Focus on services for higher business performance
Service driven businesses generally outperform their competitors in terms of customer satisfaction. Creating meaningful services for customers, distributors and suppliers can make for a more efficient and cost-effective operation. Assisting, supporting and guiding customers in the early stages of a contract prevents many expensive service failures that impact your business and your clients.
Look beyond your contractual partner
Most businesses have an opportunity to create services that not only support their own customers, but also their customers’ customer. Businesses are reluctant to take this approach as this goes beyond the terms of traditional buyer-supplier contracts, but it is in everybody’s’ interest that B2B contracts are supported by B2B2B services. By delivering such services companies can become more relevant to buyers, users and suppliers and ultimately generate more business as a result of this approach.
Creating transparency in the value chain, sharing performance data, or aligning buyers and suppliers are extremely valuable services, for upstream producers and suppliers, as well as downstream manufacturers and sellers. Such service innovations can be based on existing products and services, making this a cost efficient way to extend commercial reach. Specific and customised services can reach indirect business relationships and create new business opportunities in the extended network.
Simplify services to complement products
Bringing a new MRI scan online or specifying modules of an oil platform are complex processes that benefit from buyers and suppliers collaborating and sharing expertise. Collaboration and sharing allow for the removal of unnecessary processes and validation actions – an important first step in designing simple and easy to understand services. Simplified services make customers self-sufficient, reduce the cost to serve and make the service provider more relevant and therefore more important.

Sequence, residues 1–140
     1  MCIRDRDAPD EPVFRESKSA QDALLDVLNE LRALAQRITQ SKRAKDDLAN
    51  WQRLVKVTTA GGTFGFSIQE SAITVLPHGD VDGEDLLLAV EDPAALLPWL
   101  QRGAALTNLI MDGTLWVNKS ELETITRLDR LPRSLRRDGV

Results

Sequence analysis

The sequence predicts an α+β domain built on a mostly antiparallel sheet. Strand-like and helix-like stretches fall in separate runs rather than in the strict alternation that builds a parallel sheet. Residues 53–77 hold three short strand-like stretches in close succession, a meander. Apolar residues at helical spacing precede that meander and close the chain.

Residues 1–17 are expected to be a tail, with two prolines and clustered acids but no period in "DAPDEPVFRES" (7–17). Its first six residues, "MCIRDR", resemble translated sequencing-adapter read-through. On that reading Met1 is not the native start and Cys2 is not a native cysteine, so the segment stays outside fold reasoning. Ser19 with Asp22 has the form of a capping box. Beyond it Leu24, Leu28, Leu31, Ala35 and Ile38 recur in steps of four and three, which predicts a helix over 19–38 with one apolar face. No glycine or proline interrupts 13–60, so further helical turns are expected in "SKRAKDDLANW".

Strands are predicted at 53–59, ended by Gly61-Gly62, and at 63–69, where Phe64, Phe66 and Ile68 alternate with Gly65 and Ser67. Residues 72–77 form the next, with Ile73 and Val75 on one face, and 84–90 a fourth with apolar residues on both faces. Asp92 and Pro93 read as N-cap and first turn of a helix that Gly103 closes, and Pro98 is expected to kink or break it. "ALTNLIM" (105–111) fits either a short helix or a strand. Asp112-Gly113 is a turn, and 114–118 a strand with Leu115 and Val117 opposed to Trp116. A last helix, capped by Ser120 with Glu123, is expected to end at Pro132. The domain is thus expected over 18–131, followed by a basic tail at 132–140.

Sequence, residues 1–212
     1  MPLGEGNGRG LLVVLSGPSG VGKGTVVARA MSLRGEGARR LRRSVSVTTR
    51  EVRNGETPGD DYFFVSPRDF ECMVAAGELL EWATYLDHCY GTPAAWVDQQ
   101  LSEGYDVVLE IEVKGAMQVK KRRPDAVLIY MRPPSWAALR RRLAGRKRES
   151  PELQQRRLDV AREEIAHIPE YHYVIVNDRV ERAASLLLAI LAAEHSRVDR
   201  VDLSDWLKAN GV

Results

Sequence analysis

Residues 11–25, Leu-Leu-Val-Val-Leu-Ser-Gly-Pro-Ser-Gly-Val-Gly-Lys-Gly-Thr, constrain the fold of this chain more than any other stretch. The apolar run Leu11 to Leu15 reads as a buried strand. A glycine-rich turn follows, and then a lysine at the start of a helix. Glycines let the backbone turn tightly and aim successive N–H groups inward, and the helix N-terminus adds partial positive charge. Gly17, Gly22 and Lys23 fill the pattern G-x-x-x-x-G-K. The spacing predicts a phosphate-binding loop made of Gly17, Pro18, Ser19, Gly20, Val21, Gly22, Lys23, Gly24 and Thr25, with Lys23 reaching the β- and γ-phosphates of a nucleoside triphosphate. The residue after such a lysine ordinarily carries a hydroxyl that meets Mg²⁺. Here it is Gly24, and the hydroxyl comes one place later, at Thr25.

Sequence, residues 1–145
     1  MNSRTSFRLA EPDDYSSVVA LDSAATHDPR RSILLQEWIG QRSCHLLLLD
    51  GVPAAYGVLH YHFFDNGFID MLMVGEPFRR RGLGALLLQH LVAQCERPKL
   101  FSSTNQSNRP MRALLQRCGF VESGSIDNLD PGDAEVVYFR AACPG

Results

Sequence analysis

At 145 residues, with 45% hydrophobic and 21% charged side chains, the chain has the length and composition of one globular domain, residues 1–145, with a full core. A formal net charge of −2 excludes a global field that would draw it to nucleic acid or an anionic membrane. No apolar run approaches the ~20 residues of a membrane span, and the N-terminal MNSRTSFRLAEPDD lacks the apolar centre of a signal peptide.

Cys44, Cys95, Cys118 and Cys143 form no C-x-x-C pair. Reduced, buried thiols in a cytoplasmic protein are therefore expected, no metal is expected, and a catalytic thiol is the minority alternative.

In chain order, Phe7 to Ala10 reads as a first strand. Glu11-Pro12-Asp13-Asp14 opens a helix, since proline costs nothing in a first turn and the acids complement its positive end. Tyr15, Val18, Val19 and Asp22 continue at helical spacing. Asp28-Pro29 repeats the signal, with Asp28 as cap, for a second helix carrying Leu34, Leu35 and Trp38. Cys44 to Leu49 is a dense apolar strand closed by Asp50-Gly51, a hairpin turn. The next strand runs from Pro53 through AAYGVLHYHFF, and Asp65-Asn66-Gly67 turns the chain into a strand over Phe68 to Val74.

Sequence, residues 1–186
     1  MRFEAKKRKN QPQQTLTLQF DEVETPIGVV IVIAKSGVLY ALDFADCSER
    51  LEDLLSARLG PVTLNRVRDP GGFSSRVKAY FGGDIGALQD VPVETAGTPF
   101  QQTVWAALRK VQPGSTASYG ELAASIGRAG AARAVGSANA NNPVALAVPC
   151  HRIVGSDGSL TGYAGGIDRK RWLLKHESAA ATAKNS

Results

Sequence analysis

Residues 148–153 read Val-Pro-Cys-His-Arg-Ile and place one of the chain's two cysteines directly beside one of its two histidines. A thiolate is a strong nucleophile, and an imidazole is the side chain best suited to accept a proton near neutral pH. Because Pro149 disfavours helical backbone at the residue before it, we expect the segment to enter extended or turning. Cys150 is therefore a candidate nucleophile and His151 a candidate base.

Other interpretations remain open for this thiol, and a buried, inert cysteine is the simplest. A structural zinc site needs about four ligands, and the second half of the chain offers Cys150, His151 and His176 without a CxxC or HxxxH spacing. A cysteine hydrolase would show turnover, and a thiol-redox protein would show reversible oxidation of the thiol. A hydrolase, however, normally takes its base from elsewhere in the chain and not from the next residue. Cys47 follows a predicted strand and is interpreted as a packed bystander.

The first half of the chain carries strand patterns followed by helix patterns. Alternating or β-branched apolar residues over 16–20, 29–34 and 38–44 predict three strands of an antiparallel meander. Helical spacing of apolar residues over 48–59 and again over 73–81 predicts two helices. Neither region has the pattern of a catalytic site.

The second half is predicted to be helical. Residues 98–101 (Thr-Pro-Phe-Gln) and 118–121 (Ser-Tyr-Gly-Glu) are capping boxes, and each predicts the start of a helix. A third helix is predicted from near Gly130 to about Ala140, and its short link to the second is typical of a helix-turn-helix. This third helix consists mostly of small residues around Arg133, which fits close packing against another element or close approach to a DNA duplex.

Businesses operate in service ecologies
Organisations often enforce strict terms and conditions upon their suppliers and distributors in order to gain overall control and avoid failures. However, it is the lack of visibility of the overall ecosystem they operate in that causes most failures. Creating services for the suppliers of your supplier and the customers of your customers changes the dynamics of a business. Understanding the service ecology enables organisations to engage upstream suppliers, downstream buyers and distributors beyond the formal reach of a contract. Extending these business relationships can result in collaboration in innovation, incident resolution and market development.
Contract relationships are usually between two ore more parties, with sub-contracts in place for delivering the product and service. Service relationships are interdependent which comes to light during a service failure, where tracing the many responsibilities exposes how the service relationship is structured. Operating in a transparent service ecosystem not only prevents incidents but creates value added services.
Reposition your service to create business opportunities
Organisations that want to improve their market agility should consider repositioning and adapting their service instead of their product. Service innovations such as VIP treatment for middle-tier customers, flexible financing options, proactive component replacements, or sharing transaction data can attract new types of customers, without major impact on the core product. Offering such specific services to help your customers in their operations creates new business opportunities and it brings the customer much closer.
Medical equipment manufacturer Laerdal set themselves a goal to double sales through their website. Customer research revealed that there was a large potential to achieve this goal by helping customers manage their existing portfolio of Laerdal equipment online.
Laerdal made it easier for hospitals to buy consumables, accessories, and updates on-line, securing more high-value interactions with sales staff. The result: more sales through great service.
Strategic positioning of service in an organisation
Many organisations can reduce half the costs they spend on services by preventing issues around customer information, scheduling and communication. Service failures have direct costs in support time and effort to fix, but have a long-term effect of losing customers who defect to other providers as soon as their contract is up. Strategically positioned services do not only prevent such costs – they are instrumental in keeping the customers close and creating additional sales opportunities. Well-positioned services can stretch the business to attract upstream and downstream customers that are not in reach of the traditional businesses.
Operate your business in a service ecosystem
Aligning your services to the core business of your buyers, suppliers, distributors and partners offers great opportunities to extend your reach, often without heavy investments in new products, or systems. This approach helps to simplify processes, communication and procedures, reduce expensive service failures. Service positioning changes business relationships from contract based to operating in a service ecosystem. Offering services that reach up and down the value chain creates more and deeper business relationships.